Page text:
Massage therapist promotes mind-body connection

Massage therapist promotes mind-body connection



reporter photo

For over 30 years, Carol Bufithis has been operating as a massage therapist out of her house on Way Road in Middlefield. In that time she has done more than just help her clients with aches and pains, she’s also worked to promote a more holistic lifestyle for those who seek her help.

“The way I look at it, most people drag their bodies along with them all day,” she said. “They don’t pay attention to their bodies a lot. Their body says ‘Go to bed,’ they stay up and watch another program. Their body says ‘I’ve had enough to eat,’ they still eat. The poor body is just dragged along by most of us.” 

Bufithis runs her business, Therapeutic Massage Center, from a space at the back of her house. Clients are met with a small waiting area converted from an old mud room. Three rooms branch off the waiting area: two with massage tables and a third with a shower and hot tub.

“I recommend that everyone goes in the hot tub before getting a massage. It really helps relax the muscles,” she said. 

The philosophy Bufithis has adopted in her business is the idea that the body and the mind are connected. With massage therapy, Bufithis works with her clients to reestablish that connection.  

“I love watching people discover how amazing their bodies are. The body is miraculous and has such an ability to heal,” she said. “I love to watch people get more acquainted with their body.”

At Therapeutic Massage Center, Bufithis offers massages starting at $45 and has several different value package options that include massage, salt glow exfoliation, facials and paraffin waxes.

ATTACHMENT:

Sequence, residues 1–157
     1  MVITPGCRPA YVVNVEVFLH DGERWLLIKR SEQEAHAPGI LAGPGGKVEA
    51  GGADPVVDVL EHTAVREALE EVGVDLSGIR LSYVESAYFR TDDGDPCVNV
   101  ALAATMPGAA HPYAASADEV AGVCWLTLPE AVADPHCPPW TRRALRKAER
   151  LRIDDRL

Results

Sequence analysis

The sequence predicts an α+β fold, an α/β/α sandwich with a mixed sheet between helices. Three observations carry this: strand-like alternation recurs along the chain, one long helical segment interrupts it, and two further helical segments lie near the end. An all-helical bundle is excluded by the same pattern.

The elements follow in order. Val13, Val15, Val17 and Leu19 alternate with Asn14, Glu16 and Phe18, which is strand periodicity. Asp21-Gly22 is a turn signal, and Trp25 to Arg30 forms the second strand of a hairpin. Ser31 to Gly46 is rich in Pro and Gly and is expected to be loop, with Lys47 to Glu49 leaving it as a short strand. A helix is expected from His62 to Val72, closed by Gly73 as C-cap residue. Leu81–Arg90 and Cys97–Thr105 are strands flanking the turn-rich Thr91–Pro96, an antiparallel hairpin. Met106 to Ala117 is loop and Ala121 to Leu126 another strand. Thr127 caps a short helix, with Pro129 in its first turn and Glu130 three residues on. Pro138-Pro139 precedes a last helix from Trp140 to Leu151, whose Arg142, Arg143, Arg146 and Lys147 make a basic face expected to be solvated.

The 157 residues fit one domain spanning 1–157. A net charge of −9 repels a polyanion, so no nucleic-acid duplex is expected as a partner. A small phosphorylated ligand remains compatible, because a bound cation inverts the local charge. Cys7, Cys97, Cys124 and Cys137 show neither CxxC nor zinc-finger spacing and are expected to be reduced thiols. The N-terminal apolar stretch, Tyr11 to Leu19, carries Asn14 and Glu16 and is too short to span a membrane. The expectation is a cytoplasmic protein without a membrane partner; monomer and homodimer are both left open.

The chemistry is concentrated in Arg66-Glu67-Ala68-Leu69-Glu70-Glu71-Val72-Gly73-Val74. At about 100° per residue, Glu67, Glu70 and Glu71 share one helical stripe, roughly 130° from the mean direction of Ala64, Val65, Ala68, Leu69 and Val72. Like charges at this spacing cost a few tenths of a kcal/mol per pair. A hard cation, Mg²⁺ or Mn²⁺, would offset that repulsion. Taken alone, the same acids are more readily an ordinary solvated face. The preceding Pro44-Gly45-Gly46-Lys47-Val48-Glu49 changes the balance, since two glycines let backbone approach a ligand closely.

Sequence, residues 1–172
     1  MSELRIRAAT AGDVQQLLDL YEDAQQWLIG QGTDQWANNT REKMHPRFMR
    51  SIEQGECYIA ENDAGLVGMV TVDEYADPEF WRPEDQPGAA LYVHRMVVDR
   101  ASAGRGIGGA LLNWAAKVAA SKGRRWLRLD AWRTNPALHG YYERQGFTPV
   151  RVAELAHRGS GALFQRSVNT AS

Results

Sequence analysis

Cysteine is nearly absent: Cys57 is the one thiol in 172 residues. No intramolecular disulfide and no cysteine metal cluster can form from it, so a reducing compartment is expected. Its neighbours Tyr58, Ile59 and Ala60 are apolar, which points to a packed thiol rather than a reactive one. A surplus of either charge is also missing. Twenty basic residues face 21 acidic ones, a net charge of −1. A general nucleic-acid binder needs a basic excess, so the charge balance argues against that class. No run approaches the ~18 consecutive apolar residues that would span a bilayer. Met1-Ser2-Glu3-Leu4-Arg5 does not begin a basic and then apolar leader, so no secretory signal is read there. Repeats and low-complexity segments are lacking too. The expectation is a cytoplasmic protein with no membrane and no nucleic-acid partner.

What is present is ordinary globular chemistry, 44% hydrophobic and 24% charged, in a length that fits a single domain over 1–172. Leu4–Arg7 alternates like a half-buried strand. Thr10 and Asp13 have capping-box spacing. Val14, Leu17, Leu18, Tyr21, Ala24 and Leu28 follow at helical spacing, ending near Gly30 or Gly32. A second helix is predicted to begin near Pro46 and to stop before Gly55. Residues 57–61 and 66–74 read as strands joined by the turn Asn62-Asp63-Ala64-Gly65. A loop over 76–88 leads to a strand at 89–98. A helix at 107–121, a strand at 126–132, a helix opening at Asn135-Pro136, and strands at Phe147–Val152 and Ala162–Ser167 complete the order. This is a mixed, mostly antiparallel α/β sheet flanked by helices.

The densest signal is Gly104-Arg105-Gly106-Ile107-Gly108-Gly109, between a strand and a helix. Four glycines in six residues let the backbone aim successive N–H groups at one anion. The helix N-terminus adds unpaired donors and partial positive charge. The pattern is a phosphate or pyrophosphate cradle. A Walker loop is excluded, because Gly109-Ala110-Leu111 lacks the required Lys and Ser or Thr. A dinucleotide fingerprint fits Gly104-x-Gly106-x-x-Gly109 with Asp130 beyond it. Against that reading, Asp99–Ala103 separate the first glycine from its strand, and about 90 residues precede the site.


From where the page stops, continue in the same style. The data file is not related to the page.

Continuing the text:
In addition to her work in massage, Bufithis also is a life coach, specializing in stress management, particularly when it comes to transitions like moving. She teaches massage therapy skills at the Cortiva Institute, in Cromwell, lending her expertise to others looking to become massage therapists. 

In fact, Bufithis is already ahead of a growing trend in massage therapy that is spreading across the country. According to the Bureau of Labor Statistics, the massage therapy field is projected to increase by 26 percent by 2026. This is faster than the average of all other occupations. 

Bufithis said that she doesn’t “feel challenged” by her job and that she looks for ways to continue her education by going to workshops hosted by body healers and psychologists. 

But learning is all just a part of the fun to this Middlefield massage therapist.

“My job is creative and interesting. You get to think of all these different ways to work with a person,” she said. “I like when people come in with a problem. That’s where the creativity is.”

ebishop@record-journal.com
203-317-2444
Twitter: @everett_bishop


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